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Songs of Experienced Innocence

Comparative Commentary
Commentary by
Jacob Phillips

The Book of Psalms has accompanied people in prayer for centuries, forming the basis of regular patterns of prayer and worship. It has been argued that the full sweep of human experience in faith is somehow caught up in its 150 poetic songs (Brueggemann 2002: 8–10). The book as a whole can be approached as starting out with straightforward living in faith (Psalm 1), then entering into the experience of deep challenges to this faith, before finally (Psalm 150) ascending into a cacophony of praise (Brueggemann 2002: 12). These are not just songs of innocence and experience, but also songs of innocence regained, or better, songs of an experienced innocence.

Psalm 88 is the very nadir of this exitus and reditus; this departure and return. It does not in any way resolve its lament with promise or hope. It ends like an echoing question searching for an answer, which rebounds around the walls of a cavernous tomb. It is associated with the entombed Christ in the abyss between death and resurrection. In many Christian traditions, it is prayed at night prayer on Fridays, marking the darkness of nightfall after the crucifixion, before the dawn of the resurrection has begun to colour the horizon.

The human moments to which this Psalm speaks are of course moments of sorrow and loss. But by ending without comfort, its lament offers what might be termed a ‘finality of non-resolution’ (Janz 2004: 21–22), capturing the sheer incomprehensibility of some human sorrows. The Psalm thereby unearths something of human encounters with the God who is intrinsically beyond human understanding, the God who can act in a sovereign freedom which is not accountable to any creaturely demands for justification whatsoever.

In this exhibition, three intersecting moments of a peculiarly confounding sorrow are portrayed: individual/personal (Lucas Cranach the Younger), civilisational/historical (Karl Schmidt-Rottluff), and architectonic/cosmic (Roger Hiorns). Taking these images together, the manifold ways in which Scripture discloses itself as authoritative and meaningful in contexts vastly different from the world in which it was written can be glimpsed.  

To read the Psalms, rather than pray them, may be like viewing Cranach the Younger’s painting as an art object, rather than devotionally engaging with it. Cranach sets up a divine-human encounter in the form of a very difficult dialogue (indeed, a ‘dialogue’ which has only one speaker whose petitions seem to go unanswered). The fact that the psalmist continues to lament in the face of such desolation might be interpreted as a refusal to accept that there is not some other horizon out there somewhere, even if such a possibility is utterly impossible to envisage at that moment. There is no glimmer of resurrected glory, yet Cranach’s Christ is not only, or straightforwardly, dead.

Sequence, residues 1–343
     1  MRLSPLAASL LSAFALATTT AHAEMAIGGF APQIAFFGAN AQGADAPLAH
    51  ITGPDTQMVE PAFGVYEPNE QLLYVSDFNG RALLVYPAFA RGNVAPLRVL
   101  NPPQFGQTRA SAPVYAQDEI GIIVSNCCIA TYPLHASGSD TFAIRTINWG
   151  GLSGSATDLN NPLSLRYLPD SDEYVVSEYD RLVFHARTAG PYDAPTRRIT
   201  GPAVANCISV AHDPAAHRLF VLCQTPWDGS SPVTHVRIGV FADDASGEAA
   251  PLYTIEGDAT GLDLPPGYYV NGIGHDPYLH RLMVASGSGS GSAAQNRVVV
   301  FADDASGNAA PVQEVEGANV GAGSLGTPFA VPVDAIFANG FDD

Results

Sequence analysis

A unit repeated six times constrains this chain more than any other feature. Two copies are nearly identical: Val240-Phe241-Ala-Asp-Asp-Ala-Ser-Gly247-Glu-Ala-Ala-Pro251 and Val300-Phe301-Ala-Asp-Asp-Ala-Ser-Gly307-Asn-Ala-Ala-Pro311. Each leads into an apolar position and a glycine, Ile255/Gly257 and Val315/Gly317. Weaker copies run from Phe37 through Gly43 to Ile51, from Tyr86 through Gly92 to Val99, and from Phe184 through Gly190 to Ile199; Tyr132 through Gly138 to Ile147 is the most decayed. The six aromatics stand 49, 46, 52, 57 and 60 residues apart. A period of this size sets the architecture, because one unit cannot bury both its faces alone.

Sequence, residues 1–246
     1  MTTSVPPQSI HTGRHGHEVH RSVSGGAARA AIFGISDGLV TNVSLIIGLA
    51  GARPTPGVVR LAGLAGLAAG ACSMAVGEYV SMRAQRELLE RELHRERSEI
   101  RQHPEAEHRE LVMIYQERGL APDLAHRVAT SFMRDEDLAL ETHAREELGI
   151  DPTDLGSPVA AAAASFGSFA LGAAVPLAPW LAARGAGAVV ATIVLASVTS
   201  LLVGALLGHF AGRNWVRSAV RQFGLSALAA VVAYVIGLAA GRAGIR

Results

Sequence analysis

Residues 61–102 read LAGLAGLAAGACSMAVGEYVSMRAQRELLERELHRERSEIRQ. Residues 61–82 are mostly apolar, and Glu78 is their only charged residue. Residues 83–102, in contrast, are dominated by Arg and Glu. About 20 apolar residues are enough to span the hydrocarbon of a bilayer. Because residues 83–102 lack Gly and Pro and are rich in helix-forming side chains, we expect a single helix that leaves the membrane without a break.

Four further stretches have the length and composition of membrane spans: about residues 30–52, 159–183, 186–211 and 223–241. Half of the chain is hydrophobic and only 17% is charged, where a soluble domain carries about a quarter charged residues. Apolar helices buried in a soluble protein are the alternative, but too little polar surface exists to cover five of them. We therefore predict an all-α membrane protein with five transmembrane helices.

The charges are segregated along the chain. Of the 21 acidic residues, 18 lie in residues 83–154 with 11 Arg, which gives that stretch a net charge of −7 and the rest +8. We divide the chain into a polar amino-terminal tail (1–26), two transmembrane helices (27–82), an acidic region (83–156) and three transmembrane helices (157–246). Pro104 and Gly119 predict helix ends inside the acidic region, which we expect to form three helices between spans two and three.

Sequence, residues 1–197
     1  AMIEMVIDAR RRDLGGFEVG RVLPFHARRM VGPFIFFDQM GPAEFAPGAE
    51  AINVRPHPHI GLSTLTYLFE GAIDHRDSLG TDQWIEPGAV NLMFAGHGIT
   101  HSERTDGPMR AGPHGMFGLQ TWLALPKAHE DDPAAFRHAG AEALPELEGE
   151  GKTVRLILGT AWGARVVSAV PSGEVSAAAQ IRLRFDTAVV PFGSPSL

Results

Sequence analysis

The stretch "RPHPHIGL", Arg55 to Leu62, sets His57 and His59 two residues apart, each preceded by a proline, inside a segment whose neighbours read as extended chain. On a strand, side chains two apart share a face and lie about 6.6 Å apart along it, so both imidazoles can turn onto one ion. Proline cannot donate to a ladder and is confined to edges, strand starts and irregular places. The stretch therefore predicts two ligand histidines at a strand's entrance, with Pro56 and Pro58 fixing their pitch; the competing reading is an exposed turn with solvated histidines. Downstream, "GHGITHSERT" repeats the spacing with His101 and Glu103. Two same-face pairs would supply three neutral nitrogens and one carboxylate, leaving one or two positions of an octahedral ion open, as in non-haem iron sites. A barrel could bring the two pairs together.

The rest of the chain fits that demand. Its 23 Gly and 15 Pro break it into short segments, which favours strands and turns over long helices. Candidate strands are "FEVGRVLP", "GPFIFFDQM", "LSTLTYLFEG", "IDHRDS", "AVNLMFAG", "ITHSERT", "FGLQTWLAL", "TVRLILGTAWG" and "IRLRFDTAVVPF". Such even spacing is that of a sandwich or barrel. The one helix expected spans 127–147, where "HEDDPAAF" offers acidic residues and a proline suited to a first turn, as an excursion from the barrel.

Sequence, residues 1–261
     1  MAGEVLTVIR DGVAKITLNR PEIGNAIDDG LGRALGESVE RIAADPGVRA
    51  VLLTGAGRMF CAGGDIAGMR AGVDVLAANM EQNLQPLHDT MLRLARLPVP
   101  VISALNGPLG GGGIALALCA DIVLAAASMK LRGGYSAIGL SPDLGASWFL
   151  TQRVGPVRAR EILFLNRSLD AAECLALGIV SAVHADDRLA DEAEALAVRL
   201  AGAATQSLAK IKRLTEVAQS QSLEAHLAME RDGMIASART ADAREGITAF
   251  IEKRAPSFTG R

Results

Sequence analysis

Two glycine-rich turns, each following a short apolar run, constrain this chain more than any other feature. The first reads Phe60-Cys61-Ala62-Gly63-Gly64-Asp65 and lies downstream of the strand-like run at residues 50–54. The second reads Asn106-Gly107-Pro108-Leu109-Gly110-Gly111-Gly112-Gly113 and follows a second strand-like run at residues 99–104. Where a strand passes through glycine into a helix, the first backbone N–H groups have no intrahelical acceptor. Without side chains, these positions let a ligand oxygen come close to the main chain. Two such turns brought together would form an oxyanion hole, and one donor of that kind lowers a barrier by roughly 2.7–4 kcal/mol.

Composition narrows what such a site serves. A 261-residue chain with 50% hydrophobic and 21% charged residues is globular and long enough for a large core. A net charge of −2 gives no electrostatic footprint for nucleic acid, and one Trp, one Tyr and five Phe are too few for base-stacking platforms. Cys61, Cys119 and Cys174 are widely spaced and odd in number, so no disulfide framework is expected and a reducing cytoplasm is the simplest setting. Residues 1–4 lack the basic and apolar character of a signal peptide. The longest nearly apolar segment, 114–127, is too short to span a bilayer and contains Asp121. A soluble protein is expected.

Schmidt-Rottluff sets up a relationship between viewer and object which is very different, but communicates the same sense of confounding sorrow. Here, Christ resembles a wooden sculpture, quite literally, but his halo emits dramatic rays of light. The image contains both promise (allusions to traditional iconography) and that promise’s brutal contradiction. The date ‘1918’ speaks of the ‘finality’ of death, whose weight the Great War visited emphatically on the world’s consciousness, and yet frames it in the ‘non-resolutional’ context of a once-given promise that might yet still hold.

Hiorns’s sculpture shows how the world of art, like the world of Scripture, can provide meaning in contexts vastly different from their original ones. By its acknowledgement of how history dismantles the fixed edifices of earlier times, his work provokes reflection on the task of interpreting Scripture in a world from which Scripture is exiled. In Gothic cathedrals, images of salvation history were intricately wedded with a cosmic vision of geometric harmony. But the universe is far bigger, older, and more volatile than the Gothic architects could have imagined, and even once-mighty cathedrals might now seem dated and even insignificant attempts to harness the power of nature and to buttress human audacity, rather than offerings to the greater glory of God. Hiorns’s work suggests another grim finality—the decay of meaning as of materials. But even this finality remains unresolved as long as the horizon of the scriptural text can somehow brought to bear upon it—a task for which Psalm 88 seems uniquely equipped.

The strange tension of the Psalm may be perceived in all three of the artworks discussed here: the tension of trying to live in the midst of death, of being unable to forget promises even after they are broken, and of homemaking in exile. In each artwork, songs of innocence can no longer be sung, but neither can they be extinguished completely by the deafening song of experience.

 

References

Brueggemann, Walter. 2002. The Spirituality of the Psalms (Minneapolis: Fortress Press)

Janz, Paul. 2004. God the Mind’s Desire (Cambridge: Cambridge University Press)